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The Black Walnut

Also known as the Persian Walnut and the Eastern Black Walnut, the Black Walnut (Juglans nigra) is a hardwood tree that grows in many parts of North America, as well as throughout Europe. The sapwood is whitish to yellowish brown, but the heartwood is a coveted light brown to rich chocolate. Often, the sapwood of this valuable tree is darkened to match the heartwood by steaming or staining to produce the finest domestic cabinet wood.

Cross Section

Radial Section

Tangential Section

The roots of the black walnut produce a substance known as juglone (5-hydroxy-alpha-napthaquinone). This biochemical is toxic to many plants such as the tomato, potato, black and blue berries, and other plants that may grow within a 50 to 60 foot radius of the trunk. Not all plants are sensitive to juglone and many trees, vines, shrubs, and flowers will thrive in close proximity to a black walnut tree. Landscapers should carefully consider the planting site for the black walnut rootstock if other plants are going to reside in close proximity. The tree grows to heights as tall as 150 feet with a 6-foot trunk diameter, but a majority of the trees never reach this size. Propagation is primarily by seed with the black walnut and by grafting with the Persian (or English) walnut, usually in a fertile, well drained, but still moist soil.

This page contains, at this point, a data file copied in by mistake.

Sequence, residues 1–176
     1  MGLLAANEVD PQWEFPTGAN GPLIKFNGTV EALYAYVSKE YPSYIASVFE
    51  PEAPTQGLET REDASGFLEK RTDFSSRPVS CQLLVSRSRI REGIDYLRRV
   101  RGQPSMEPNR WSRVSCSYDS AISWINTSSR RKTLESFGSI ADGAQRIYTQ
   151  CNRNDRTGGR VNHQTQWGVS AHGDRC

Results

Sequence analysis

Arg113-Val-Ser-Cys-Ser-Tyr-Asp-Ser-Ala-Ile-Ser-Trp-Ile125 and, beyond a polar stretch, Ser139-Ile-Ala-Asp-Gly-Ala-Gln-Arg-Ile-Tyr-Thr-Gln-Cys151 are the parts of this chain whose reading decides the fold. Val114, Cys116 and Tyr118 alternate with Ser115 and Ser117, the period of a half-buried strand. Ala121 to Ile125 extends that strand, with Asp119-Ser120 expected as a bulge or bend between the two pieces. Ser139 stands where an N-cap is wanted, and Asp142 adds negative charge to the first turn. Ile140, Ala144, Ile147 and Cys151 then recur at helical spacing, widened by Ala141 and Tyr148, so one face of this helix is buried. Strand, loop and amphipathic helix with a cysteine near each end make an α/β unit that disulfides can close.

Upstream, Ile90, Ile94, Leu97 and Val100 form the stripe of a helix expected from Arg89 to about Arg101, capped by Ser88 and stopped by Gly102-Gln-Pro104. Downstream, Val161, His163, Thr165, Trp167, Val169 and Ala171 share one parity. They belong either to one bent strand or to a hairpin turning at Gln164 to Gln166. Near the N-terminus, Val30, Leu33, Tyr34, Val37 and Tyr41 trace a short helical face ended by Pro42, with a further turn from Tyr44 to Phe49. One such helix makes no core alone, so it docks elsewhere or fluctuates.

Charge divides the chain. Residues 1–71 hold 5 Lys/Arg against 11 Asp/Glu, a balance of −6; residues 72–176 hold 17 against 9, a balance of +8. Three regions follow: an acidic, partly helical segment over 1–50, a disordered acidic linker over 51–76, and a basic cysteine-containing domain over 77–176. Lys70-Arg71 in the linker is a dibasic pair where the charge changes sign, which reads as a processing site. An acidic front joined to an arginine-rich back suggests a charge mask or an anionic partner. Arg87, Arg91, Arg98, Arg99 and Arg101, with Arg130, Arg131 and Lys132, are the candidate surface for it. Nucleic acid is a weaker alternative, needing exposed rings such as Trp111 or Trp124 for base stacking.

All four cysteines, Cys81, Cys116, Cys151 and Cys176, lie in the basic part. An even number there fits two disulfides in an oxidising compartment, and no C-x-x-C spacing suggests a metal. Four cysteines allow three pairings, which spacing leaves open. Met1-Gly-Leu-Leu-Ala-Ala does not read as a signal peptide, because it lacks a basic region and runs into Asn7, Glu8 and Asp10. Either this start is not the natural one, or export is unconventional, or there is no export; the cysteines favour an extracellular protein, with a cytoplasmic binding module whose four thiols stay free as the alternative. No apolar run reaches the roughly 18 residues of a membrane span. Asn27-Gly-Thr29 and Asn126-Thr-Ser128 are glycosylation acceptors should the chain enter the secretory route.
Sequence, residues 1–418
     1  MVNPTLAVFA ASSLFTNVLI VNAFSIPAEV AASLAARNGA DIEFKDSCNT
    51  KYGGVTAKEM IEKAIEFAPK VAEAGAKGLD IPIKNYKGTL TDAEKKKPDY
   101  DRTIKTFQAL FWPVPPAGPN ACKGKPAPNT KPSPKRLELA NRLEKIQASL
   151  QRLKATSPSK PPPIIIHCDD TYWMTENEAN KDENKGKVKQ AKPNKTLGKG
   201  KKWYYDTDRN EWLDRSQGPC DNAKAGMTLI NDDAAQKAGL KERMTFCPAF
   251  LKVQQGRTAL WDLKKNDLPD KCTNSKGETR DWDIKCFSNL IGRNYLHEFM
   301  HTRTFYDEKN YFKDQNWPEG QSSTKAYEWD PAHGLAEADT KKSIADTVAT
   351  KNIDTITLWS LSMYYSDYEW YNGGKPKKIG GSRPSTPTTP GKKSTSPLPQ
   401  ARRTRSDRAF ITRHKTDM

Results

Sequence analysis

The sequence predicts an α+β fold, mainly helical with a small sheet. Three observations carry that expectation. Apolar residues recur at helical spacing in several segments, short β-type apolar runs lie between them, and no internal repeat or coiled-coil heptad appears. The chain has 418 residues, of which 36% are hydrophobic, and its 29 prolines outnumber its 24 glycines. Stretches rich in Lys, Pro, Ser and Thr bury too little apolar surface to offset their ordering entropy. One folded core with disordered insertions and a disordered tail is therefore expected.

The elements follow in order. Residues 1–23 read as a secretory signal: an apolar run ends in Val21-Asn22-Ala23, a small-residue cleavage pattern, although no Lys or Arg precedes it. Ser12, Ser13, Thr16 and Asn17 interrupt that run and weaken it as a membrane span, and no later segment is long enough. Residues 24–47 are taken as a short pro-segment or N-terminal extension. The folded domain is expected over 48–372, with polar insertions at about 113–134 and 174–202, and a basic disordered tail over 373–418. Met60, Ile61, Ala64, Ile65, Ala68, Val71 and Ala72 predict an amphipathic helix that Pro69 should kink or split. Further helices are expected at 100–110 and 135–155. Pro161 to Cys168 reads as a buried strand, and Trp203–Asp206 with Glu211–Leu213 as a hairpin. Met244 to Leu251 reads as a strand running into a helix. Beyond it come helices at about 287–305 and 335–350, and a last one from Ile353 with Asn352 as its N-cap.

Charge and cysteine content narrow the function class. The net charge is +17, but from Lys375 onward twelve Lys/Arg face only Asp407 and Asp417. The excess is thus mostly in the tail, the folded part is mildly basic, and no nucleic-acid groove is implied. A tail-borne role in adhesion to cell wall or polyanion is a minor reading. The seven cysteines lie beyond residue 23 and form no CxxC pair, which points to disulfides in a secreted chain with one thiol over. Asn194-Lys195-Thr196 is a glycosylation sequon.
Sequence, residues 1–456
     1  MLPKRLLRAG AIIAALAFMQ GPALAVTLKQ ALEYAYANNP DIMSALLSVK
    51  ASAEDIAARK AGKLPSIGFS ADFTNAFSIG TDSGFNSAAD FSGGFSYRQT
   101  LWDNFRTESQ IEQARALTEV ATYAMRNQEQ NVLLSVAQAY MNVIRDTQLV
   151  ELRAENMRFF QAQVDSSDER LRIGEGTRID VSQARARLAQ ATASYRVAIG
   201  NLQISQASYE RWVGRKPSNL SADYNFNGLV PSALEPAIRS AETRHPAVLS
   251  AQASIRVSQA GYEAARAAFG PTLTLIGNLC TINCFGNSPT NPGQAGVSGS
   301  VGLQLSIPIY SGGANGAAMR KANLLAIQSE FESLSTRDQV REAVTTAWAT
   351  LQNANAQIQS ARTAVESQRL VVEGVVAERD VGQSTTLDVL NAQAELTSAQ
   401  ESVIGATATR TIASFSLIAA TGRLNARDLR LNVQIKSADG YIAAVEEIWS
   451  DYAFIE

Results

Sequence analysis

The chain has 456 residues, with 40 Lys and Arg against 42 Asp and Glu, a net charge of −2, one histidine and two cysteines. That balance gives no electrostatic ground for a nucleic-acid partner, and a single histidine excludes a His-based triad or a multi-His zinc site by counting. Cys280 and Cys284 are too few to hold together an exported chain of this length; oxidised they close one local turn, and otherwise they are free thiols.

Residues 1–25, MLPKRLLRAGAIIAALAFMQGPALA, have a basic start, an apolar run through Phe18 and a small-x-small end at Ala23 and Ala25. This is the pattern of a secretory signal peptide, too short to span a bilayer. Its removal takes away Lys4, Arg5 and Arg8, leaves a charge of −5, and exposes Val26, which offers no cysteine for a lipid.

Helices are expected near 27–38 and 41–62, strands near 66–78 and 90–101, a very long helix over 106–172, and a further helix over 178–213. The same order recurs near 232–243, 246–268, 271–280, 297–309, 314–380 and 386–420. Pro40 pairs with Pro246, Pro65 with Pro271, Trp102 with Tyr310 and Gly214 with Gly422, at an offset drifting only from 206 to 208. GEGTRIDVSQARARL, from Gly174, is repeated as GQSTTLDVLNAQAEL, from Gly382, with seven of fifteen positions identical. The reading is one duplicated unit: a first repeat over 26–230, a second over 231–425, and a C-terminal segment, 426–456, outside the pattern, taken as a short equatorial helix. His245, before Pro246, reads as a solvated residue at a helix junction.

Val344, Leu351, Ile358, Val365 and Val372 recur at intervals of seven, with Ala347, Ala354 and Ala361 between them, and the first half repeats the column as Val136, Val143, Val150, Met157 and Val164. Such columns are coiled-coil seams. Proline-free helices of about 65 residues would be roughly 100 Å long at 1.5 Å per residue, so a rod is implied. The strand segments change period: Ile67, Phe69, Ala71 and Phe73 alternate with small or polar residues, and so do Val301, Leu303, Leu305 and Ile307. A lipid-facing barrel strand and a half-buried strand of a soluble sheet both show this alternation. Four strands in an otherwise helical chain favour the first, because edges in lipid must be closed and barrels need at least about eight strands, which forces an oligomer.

Black walnut wood is used for plywood faces in the manufacture of furniture, in cabinetwork, and for interior paneling and fine gunstocks. The lumber is used principally for furniture, especially for tables and desks. Other uses include fixtures, caskets and coffins, cabinets, and piano cases. Black walnut wood is desirable because of its ability to stand hard usage, with good working qualities and a pleasing appearance.

Microscopic examination of iron-alum hematoxylin and safranin stained thin sections (see the digital images presented above) reveals a semi-ringed porous wood having simple perforation plates and fairly abundant tyloses. The tissue displays few vessels, with 10-16 micron inter-vessel pits that are orbicular to oval or angular (through crowding) in shape. Fiber tracheids are moderately thick-walled and medium to very coarse in texture. The rays are 1 to 5 seriate and heterocellular to homocellular.


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